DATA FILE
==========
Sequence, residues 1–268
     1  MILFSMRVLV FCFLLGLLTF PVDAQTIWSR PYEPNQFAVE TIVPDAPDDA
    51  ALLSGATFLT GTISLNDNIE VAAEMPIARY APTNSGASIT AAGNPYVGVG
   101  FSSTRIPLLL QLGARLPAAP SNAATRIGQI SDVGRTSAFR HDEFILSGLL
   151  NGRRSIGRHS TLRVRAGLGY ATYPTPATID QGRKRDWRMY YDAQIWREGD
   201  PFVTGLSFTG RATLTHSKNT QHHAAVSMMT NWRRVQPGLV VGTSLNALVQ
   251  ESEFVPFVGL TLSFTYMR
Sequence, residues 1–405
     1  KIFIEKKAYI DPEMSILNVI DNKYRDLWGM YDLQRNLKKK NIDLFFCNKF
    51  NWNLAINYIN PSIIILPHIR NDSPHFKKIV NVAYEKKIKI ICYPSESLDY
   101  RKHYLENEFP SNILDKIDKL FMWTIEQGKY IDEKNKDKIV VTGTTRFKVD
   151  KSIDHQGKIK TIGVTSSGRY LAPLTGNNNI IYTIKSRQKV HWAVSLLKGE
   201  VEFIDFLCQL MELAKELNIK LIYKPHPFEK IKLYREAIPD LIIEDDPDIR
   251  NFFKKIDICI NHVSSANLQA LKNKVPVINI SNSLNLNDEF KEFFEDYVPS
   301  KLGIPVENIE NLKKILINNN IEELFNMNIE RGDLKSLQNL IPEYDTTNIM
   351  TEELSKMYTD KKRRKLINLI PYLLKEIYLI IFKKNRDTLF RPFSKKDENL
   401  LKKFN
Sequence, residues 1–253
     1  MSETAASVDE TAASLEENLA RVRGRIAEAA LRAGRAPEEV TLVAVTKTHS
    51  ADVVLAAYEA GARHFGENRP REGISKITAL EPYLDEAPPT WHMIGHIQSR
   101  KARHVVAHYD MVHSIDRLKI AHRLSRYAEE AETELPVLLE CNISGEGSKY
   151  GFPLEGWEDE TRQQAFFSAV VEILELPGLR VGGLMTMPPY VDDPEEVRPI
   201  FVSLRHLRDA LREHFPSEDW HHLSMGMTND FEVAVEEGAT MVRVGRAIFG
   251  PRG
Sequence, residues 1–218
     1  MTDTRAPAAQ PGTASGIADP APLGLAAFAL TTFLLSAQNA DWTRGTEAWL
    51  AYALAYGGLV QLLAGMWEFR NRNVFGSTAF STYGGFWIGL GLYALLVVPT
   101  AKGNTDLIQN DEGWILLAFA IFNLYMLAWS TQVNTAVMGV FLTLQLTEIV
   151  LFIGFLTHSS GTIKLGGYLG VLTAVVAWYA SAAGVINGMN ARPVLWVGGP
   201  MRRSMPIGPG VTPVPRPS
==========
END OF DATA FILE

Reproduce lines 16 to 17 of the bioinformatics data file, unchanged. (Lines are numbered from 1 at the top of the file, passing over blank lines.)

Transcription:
   351  TEELSKMYTD KKRRKLINLI PYLLKEIYLI IFKKNRDTLF RPFSKKDENL
   401  LKKFN